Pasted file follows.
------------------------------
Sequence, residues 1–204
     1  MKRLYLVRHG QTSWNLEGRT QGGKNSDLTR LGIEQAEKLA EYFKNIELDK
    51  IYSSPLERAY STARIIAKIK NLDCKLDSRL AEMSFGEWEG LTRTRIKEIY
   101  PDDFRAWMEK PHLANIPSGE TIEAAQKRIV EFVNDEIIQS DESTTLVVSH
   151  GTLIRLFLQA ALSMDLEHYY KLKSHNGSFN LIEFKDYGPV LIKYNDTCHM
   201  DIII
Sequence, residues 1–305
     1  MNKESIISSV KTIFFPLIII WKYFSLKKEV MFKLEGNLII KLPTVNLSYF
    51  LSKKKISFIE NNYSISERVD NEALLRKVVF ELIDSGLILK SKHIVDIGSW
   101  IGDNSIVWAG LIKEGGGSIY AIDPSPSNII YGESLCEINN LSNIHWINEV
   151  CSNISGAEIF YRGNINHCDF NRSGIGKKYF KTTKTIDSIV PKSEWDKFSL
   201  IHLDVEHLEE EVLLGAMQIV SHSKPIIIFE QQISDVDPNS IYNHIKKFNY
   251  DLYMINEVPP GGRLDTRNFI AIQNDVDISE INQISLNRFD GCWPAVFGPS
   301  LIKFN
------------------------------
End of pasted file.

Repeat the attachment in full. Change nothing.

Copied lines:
Sequence, residues 1–204
     1  MKRLYLVRHG QTSWNLEGRT QGGKNSDLTR LGIEQAEKLA EYFKNIELDK
    51  IYSSPLERAY STARIIAKIK NLDCKLDSRL AEMSFGEWEG LTRTRIKEIY
   101  PDDFRAWMEK PHLANIPSGE TIEAAQKRIV EFVNDEIIQS DESTTLVVSH
   151  GTLIRLFLQA ALSMDLEHYY KLKSHNGSFN LIEFKDYGPV LIKYNDTCHM
   201  DIII
Sequence, residues 1–305
     1  MNKESIISSV KTIFFPLIII WKYFSLKKEV MFKLEGNLII KLPTVNLSYF
    51  LSKKKISFIE NNYSISERVD NEALLRKVVF ELIDSGLILK SKHIVDIGSW
   101  IGDNSIVWAG LIKEGGGSIY AIDPSPSNII YGESLCEINN LSNIHWINEV
   151  CSNISGAEIF YRGNINHCDF NRSGIGKKYF KTTKTIDSIV PKSEWDKFSL
   201  IHLDVEHLEE EVLLGAMQIV SHSKPIIIFE QQISDVDPNS IYNHIKKFNY
   251  DLYMINEVPP GGRLDTRNFI AIQNDVDISE INQISLNRFD GCWPAVFGPS
   301  LIKFN